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I am using SQLserver 2008 R2 edition. I am trying to create a database using SQL CMD.

When I try to run the following command

Sqlcmd -S 10.2.202.213 -U sa -P 123@123 -Q "create database 125Build5"

I get the following error:

Msg 102, Level 15, State 1, Server WS-INBLR567, Line 1 Incorrect syntax near '125'.

If I use the database name that does not start with a number, something like 'Build5125', then it works. However I can create the database from SSMS without any problem.

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2 Answers 2

up vote 1 down vote accepted

I'd really encourage you to re-think creating a database that starts with a number, as it's going to make cross-database selects miserable by always requiring a qualifier.

However, that said, just wrap the name of the database in brackets, like [123Whatever]. The brackets tell SQL to take the name as literal, so you can break whatever standard normal naming rules you want, including spaces or other special characters. The reason SSMS lets you start with a number is because the SQL statement it executes behind the scenes uses these brackets.

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Thanks but im not sure I understand how creating a DB starting with a number causes a problem. Can u pls elaborate ? –  Dunxton May 15 '12 at 6:16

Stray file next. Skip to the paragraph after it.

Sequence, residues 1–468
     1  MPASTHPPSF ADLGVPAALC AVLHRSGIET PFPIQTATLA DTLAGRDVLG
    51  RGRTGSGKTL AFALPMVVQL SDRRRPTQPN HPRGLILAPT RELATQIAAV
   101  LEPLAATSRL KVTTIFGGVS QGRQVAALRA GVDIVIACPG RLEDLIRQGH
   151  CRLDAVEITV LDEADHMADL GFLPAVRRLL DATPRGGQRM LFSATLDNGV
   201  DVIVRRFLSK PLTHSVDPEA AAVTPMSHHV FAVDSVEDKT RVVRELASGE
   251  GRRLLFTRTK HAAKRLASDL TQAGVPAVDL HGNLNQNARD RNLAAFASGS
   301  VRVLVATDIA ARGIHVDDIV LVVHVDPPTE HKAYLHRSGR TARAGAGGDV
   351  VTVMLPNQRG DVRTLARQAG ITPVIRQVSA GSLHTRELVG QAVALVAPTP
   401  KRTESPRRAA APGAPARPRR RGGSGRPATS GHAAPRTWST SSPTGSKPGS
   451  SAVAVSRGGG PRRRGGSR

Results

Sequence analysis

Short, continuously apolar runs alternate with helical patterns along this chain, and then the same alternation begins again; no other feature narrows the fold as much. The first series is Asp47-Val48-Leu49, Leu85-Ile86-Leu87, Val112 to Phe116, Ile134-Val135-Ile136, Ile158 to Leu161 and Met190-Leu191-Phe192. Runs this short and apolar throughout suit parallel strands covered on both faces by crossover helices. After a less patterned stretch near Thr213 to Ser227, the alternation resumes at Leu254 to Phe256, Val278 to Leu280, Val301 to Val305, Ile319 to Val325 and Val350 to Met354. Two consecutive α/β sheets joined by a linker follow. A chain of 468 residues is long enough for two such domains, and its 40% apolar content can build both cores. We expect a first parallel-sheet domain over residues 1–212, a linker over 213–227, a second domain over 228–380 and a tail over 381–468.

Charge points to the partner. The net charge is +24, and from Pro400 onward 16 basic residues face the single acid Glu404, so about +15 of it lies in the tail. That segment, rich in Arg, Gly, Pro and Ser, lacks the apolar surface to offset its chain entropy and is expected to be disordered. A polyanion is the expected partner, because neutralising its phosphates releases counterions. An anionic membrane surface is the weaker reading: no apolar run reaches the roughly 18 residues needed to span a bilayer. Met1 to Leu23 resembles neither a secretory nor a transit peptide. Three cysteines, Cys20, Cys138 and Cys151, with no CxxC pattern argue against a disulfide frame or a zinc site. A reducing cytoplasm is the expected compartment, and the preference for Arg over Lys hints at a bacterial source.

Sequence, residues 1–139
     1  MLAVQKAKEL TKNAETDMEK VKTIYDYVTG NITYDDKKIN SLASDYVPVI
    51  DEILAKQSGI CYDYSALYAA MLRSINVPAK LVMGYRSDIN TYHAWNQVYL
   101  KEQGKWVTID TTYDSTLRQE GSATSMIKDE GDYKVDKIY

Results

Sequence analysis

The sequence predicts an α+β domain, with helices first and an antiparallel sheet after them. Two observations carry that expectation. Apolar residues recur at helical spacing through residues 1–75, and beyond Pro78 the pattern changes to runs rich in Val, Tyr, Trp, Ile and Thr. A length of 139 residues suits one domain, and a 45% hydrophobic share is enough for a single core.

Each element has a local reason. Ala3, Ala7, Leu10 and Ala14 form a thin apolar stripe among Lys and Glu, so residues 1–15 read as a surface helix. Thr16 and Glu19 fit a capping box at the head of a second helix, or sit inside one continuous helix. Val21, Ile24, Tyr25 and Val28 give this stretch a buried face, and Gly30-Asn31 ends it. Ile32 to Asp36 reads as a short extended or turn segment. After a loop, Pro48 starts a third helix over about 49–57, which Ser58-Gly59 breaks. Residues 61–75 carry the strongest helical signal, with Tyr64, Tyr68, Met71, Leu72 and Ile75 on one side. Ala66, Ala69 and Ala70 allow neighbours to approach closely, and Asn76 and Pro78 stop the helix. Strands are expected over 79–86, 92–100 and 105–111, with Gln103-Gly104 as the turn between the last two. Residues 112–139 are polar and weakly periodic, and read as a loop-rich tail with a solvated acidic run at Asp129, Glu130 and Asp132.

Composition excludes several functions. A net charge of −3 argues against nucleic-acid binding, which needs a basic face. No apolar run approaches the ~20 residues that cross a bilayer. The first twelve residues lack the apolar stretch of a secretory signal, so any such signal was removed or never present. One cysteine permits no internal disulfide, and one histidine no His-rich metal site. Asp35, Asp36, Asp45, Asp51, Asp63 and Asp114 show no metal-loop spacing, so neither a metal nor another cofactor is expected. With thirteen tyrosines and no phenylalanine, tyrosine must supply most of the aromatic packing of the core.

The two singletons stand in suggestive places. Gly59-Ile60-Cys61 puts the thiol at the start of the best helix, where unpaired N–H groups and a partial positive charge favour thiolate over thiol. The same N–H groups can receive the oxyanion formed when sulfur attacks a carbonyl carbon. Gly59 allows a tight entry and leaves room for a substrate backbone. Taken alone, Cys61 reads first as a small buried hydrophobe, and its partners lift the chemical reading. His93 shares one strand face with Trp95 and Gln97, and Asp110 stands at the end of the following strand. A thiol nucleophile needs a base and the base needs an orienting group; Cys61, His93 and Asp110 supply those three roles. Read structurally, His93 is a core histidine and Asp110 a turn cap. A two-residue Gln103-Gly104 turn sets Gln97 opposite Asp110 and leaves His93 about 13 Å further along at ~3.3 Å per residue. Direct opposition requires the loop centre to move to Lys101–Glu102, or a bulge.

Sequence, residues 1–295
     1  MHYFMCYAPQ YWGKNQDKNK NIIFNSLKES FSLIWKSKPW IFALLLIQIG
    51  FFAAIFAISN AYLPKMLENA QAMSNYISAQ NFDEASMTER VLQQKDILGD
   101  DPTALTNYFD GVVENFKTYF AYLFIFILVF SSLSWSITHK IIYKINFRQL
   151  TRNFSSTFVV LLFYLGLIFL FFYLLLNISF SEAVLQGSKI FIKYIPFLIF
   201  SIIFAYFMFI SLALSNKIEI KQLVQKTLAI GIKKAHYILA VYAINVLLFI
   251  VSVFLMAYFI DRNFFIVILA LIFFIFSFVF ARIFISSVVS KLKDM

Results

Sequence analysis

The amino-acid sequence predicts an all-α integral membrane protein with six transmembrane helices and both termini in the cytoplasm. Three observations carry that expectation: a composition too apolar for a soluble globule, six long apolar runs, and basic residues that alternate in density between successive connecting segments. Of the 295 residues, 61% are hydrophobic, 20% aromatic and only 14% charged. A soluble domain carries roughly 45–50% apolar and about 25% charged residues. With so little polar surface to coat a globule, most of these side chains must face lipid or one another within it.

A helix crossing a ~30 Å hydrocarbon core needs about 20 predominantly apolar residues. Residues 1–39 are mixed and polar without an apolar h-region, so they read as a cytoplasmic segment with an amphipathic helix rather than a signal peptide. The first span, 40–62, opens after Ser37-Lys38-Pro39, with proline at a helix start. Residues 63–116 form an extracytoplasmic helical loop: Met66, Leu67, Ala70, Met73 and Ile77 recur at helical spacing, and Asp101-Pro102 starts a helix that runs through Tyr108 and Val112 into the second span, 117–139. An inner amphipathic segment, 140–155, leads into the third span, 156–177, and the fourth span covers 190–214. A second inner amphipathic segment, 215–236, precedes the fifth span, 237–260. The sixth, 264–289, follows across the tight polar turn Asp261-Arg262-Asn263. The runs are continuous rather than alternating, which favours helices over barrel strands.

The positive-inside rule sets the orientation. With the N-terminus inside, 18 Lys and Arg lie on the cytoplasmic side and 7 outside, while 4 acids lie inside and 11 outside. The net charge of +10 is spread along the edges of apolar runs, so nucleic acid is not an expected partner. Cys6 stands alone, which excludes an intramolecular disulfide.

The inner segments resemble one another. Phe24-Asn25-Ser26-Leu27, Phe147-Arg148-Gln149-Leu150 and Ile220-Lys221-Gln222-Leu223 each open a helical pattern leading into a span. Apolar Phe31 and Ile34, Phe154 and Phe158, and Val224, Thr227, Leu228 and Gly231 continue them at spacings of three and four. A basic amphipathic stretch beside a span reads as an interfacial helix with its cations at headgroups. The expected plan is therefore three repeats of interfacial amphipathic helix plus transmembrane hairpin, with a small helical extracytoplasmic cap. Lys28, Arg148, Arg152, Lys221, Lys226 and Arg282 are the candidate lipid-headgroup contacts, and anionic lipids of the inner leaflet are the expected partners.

@Dunxton: There's no requirement that prevents this, but it means you'll have to bracket-qualify the database name every time you do a select that crosses database boundaries. Also, poorly coded applications (including purchased vendor apps) don't always use brackets internally, and I've seen cases where the app throws an error when trying to access data in a database that's not named according to standards (showing an error similar to your own). You're welcome to name your database whatever you want, just as you can put spaces in your table names, but it requires a bit of extra care later. –  SqlRyan May 16 '12 at 2:37

Try:

create database [125Build5]

The rules for identifiers state than they must begin with a letter among other things. You can get around that by enclosing them in brackets or double quotes.

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